1 Reviews

Shadow of the Colossus - Read PSM3's Original 2005

Sony's achingly beautiful adventure uses simplicity to provoke complex emotions - and reminds us why we started playing games in the first place.

Shadow of the Colossus has one of the greatest endings in history. Within days of its US release, internet message boards were hotly debating its meaning in posts spanning tens of thousands of words. The agony is, we can't even hint at what happens, because not only would we spoil the shuddering emotional impact, its significance would be lost on anyone who hasn't toiled, struggled and sworn their way through the ambiguous - but tragically inevitable - events that precede it.

Trying to define the magic of Shadow of Colossus is like trying to dissect a butterfly with pliers; words are simply too clumsy to isolate its delicate, ethereal charms.


Odd, then, that the game consists almost entirely of climbing hugely unsubtle 200ft beasts and plunging swords into their brains. But the genius isn't in the width of the colossi's footprints. The open vistas are staggering, but it's the delicate touches that resonate: the sunlight flickering holistically through brutish stone pillars, the whisper of birds, or the way your horse casts sorrowful - at least, that's what you think - glances at the object of your affection.

It's not for everyone. "How do you know where you're going?" asked one team member, perplexed. "And why are you always doing the same thing?" The game follows a simple three act structure: 1) Search a sprawling field for monsters, 2) Die repeatedly trying to find its weak spot, and 3) Murder it, get knocked out by weird black tentacles and magically reappear at the temple to start again.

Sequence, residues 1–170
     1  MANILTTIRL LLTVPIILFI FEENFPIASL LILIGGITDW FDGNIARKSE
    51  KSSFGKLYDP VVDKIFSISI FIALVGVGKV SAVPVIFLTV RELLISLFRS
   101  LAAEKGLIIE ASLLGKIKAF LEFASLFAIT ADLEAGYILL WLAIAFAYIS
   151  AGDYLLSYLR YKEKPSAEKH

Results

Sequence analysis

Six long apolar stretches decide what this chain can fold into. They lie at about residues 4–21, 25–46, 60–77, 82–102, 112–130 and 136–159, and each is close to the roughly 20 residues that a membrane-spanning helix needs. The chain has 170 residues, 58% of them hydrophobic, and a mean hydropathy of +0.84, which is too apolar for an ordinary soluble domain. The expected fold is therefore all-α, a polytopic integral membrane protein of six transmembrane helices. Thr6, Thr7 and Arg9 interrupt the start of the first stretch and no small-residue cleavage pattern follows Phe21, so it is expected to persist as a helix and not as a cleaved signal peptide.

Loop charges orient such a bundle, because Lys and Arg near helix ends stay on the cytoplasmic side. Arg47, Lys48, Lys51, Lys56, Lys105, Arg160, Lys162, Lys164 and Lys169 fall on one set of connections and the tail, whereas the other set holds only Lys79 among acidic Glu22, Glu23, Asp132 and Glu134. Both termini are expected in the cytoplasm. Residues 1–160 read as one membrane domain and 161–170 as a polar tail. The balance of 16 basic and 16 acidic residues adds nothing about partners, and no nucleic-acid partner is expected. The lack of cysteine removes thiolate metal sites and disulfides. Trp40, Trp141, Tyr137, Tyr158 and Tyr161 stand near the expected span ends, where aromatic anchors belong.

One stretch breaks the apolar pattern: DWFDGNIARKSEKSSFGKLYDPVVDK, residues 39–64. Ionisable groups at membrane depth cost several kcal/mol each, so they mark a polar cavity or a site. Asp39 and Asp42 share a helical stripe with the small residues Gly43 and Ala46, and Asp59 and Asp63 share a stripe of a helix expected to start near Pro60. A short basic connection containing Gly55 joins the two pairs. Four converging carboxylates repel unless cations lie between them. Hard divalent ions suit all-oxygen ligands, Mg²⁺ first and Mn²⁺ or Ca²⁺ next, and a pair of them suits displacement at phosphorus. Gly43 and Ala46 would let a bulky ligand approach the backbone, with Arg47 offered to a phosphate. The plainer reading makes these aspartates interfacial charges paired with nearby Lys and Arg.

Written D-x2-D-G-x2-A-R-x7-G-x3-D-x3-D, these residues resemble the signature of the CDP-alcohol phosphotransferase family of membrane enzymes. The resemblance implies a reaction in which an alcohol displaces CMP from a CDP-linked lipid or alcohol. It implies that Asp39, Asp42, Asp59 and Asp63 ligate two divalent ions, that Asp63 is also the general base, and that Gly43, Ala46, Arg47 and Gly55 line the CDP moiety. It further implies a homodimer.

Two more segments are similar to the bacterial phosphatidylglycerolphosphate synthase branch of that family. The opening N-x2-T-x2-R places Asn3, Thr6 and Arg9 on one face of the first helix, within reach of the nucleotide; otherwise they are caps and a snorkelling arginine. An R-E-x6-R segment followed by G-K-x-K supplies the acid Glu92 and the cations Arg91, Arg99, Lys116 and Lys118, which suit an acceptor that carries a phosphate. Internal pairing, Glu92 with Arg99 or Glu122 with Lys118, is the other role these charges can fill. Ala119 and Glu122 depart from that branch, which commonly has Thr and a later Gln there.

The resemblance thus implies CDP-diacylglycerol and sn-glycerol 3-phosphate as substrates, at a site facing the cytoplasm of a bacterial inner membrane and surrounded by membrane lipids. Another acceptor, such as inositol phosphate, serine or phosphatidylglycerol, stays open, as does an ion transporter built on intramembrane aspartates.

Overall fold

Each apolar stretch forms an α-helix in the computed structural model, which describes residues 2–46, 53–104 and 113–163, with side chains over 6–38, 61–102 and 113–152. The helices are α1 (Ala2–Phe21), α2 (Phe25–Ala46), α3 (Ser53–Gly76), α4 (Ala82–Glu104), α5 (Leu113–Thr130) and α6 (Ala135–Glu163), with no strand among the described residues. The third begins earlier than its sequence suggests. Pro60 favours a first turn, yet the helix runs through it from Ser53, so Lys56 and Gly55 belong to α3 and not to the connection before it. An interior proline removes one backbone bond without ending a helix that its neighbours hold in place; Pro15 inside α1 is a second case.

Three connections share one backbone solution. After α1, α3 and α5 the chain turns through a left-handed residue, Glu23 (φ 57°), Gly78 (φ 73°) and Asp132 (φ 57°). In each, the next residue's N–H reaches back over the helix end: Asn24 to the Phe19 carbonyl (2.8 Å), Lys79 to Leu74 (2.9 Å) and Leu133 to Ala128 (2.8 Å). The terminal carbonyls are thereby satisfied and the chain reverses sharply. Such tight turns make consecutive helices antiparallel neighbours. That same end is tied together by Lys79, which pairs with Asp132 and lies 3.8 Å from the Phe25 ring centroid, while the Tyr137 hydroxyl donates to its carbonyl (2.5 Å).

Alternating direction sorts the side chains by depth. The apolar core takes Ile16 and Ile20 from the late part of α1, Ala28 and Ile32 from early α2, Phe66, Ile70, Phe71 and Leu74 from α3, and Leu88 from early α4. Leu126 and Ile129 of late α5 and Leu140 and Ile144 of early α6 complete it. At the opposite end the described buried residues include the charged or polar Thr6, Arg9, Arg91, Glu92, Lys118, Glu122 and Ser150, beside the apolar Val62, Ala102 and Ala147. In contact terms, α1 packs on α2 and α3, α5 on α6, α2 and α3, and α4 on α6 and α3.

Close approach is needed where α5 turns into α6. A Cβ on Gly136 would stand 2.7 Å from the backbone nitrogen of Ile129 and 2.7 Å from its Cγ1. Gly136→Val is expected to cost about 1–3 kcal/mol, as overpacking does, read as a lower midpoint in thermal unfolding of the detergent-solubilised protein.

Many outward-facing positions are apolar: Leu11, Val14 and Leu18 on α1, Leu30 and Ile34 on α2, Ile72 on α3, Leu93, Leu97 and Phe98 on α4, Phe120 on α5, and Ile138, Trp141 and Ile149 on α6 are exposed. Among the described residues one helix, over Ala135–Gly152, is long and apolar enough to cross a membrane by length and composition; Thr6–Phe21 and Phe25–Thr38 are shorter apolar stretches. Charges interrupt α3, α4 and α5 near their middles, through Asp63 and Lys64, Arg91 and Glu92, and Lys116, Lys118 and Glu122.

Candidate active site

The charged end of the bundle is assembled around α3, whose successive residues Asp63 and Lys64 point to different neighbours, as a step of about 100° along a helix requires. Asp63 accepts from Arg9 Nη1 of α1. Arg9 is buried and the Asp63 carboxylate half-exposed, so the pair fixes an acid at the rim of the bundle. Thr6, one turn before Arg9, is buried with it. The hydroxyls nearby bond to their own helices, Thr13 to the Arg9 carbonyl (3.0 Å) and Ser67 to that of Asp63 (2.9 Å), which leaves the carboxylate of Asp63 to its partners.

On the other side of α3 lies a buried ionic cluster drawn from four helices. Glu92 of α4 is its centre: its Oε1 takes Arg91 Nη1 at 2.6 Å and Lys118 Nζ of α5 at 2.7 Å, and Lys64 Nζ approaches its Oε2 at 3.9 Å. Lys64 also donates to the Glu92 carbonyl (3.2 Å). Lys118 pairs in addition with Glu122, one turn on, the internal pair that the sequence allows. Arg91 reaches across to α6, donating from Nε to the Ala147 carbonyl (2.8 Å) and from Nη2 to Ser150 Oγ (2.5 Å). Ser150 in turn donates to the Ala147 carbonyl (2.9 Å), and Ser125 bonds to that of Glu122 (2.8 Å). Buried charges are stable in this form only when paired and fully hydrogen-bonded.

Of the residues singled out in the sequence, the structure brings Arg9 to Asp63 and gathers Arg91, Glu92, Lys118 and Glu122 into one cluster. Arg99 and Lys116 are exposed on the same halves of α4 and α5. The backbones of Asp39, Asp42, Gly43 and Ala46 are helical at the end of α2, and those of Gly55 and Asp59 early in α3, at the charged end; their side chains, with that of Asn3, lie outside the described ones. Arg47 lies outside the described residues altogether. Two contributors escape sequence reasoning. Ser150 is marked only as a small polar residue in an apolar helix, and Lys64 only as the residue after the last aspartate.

A mysterious God-like voice gives you hints, but the only way to find each monster is to hold aloft your sword, strafe around until the pad buzzes, and ride in that direction. The design is clever - you normally stumble upon the monster through intuition - but there'll be occasions when you blunder into cul-de-sacs, or into uncharted turf.

And so it goes. Sixteen colossi must be killed. The only crumb of plot is the intro movie, where our hero travels a barren land and lays a girl on a temple altar. We know she's dead, but can only presume that killing the monsters will bring her back. Who is she? Who or what killed her? Why must you kill the colossi? Who - or what - is the mysterious voice that guides you? The answers are only resolved, albeit partially, by that stunning conclusion. And the impact is shuddering.

Halfway through you start to suspect that you are the force of evil. What have these beasts done to you? Few strike the first blow, and some are tragically cuddly, with acres of teddy bear fur and sad eyes. As you hover above a creature's weak spot, sword raised, you start to question the notion of killing in any game. But the chilling realization is that you have to kill him to proceed, if only to learn the truth. And you do. And it gets easier every time.

The skybound collosus create some of the game's most breathtaking scenes

The colossi are unique but consistently phenomenal, deliberately subverting your knowledge of the previous monster's attack patterns and weak spots. One is tall, the next small. One lumbers, the next sprints. On occasions you'll clamber over the colossus like a mobile platform, in others you'll use fixed platforms as a weapon against it. We'd love to talk about individual bosses in detail, but it'd ruin the surprise - the thrill is trying, and failing, to find a weak spot until, finally, it clicks. One minute you're a powerless victim, the next you pity your towering foes.

The balance is divine. While enemies can decimate your energy bar, it'll replenish if you stay out of reach. Climbing is challenging, as your grip bar (a shrinking pink circle) slowly depletes until you let go to recharge. Problem is, the weak spots are sometimes so well hidden - like on the small of a giant's back - you've usually exhausted your grip by the time you've reached it, leaving you one chance to stab it before you tumble 200ft and start again. At times, as your foe thrashes to break your grip, you've got to let go for a split second and pray he won't move in order to charge your grip. It's thrilling.

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